In a country of roughly 9 million people, only 55,000 people are employed by the State, which is considered to be the biggest employer in the country. Unemployment in Haiti is an epidemic that must be put in the same category as a virulent outbreak, like AIDS or the H1N1 virus.
By any conservative measure, there is not more than 5% of the working population that is actually employed. Many people in Haiti are self-employed in what is considered a booming “chomeko” industry—an industry, in which bluffers, racketeers and imposters are robbing those at the very bottom. People all over the country are involved in simple survival activities. It is a disgrace that for all the jockeying for power currently taking place in Haiti, no one has found the courage to advocate for a remedy to this devastating disease. The Haitian elected officials, by their constitutional mandate, are supposed to guarantee the safety and the pursuit of happiness of the population, and their continual inaction to create sustainable job innovation is in bold contradiction to that mandate. Yeah.
I find it incomprehensible for a country known as a net importer could not find a method to put its population to work. Haitians prefer to live an oppressive life in neighboring countries than stay in the hell-like conditions at home. For those who think unemployment is something that most Haitians enjoyed, I must advise you to look into the life of those in the bateys in the Dominican Republic, where the average pay is 600 pesos for a hard-working day. Take a look in the Bahamas, where Haitians are pretty much homeless and living on garbage—I do not even have to paint the picture of those who risk everything on board of wooden boats for the coast of Florida. Unemployment is destroying the very core of the Haitian identity.
There are those who would argue that the reason unemployment is so high in Haiti is because of the low rate of literacy in the country, in combination with greed from the corrupted political elite. I would argue that no one is born with knowledge, but almost everyone is born ready to work, and if we create the opportunities—we will find the personnel to do them.
Haiti is at a crossroad where it must set some clear priorities for the next few years. They must be priorities that not only “Mr. LeBon” would understand, but also “Ti Marie” could clearly explain to her illiterate family members. Those priorities can not only serve the deep pockets of those, who already have the key to the national treasure, but they must also satisfy the mouth of those who can’t even find access to potable water. Those priorities must not be told to those who are on the outskirt of the cities, but that the peasants have a say as to what they should be. We are at a moment of great inclusion, and Haitians from all corners of the world must be included in the future of Haiti. The days of a few dictating the future of the many should forever be a thing of our past. A better employment policy, would give every Haitian access through the door of prosperity and dignity.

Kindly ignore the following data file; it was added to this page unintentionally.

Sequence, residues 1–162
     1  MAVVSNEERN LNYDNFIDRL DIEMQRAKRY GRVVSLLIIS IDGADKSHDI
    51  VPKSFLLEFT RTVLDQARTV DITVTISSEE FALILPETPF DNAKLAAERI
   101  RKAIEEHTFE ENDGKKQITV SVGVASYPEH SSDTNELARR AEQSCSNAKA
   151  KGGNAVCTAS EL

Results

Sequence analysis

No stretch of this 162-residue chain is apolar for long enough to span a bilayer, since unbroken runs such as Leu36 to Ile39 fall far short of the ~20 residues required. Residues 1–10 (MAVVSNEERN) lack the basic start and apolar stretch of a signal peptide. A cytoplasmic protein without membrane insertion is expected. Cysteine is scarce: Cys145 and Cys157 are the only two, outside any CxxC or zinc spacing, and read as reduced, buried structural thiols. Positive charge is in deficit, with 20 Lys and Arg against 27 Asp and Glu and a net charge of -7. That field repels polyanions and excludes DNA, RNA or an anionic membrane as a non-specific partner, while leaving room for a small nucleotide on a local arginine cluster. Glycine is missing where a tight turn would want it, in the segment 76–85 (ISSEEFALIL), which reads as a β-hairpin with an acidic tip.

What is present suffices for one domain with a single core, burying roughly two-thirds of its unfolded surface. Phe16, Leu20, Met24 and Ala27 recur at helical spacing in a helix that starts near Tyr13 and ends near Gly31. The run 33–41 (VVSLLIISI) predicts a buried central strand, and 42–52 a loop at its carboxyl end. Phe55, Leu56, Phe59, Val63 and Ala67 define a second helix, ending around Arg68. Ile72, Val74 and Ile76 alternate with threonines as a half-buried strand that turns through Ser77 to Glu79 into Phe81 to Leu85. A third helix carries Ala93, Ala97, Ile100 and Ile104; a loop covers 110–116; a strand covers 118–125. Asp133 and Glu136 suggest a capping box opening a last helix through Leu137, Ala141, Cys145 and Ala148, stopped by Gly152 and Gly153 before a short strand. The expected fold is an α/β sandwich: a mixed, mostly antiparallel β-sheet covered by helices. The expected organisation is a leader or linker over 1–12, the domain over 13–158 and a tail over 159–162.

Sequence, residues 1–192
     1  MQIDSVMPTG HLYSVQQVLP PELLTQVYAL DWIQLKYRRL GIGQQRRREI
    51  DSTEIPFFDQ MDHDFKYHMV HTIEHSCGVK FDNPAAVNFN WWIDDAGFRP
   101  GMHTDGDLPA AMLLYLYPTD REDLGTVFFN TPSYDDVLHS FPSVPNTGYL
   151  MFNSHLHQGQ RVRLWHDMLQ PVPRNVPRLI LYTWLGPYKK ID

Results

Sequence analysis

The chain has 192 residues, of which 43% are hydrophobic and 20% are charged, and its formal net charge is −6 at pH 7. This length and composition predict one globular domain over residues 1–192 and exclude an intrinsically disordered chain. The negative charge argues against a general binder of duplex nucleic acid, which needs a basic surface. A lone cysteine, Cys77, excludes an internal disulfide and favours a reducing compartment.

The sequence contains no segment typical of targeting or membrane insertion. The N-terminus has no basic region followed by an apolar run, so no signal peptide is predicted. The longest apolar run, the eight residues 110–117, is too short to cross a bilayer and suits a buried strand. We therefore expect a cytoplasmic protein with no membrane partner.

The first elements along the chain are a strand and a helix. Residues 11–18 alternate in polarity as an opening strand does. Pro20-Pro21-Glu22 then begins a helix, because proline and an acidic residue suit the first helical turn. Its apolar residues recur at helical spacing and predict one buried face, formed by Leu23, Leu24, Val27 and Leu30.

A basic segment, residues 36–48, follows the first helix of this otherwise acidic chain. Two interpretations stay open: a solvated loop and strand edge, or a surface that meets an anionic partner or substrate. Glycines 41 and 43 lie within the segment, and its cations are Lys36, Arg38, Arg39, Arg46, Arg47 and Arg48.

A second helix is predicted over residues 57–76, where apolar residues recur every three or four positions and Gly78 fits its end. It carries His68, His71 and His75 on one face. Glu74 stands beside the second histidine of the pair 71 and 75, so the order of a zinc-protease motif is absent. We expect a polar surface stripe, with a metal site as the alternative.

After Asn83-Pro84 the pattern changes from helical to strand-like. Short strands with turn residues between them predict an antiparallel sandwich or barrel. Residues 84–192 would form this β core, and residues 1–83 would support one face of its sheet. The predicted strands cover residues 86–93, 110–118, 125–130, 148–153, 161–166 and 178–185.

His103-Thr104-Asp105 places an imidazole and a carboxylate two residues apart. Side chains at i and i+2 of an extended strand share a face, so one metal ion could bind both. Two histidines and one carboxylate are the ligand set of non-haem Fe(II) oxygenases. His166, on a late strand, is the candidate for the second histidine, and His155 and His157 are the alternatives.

But first, we must not be settled for any kind of employment. In June of this year, National Public Radio ran a little story titled: In Haiti, a low-wage job is better than none. My answer to such a title is simply that in Haiti, not all low-wage jobs are good for the country. We are not trying to remain the poorest country in the hemisphere, so in building our new country we want something close to full employment, but most importantly we want jobs that pay a decent wage.
When people come to us and start telling us how good HOPE II would be for all Haitians, we would answer them that yes it is a start, but we must not stop there. We should let them know that we understand the hypocrisy of cheap labor versus meaningful employment. As an oppressed people, we know too well the symptoms of exploitation. For that we are asking for more than just sweatshop work.
A full employment policy would have to offer a minimum wage on which a family could easily live off without depending on others’ charity. We would need employment that would not only require our physical strength, but also one that would allow us to grow our intellect; employment that would not only look out for the profit of the “patron”, but also for the welfare of the employee. In the modern Haiti, a job incapable of guaranteeing the employee dignity is a job not worth having.
We are capable of building such a nation with such a dignified workforce. We must start by understanding our needs, and how we can meet our own demands. Haiti is on the brink of rising behind a new horizon, but this time we must be stern in what we ask, and work hard to get what we need.
Full employment is doable by investing in Agro-industrial products, renewable energy, healthcare, national mobility, modernized construction, reforestation, civism, and above all a contemporary educational system. Before the end of the first quarter of this century, it will be possible for every Haitian who wants a job to get a decent job.

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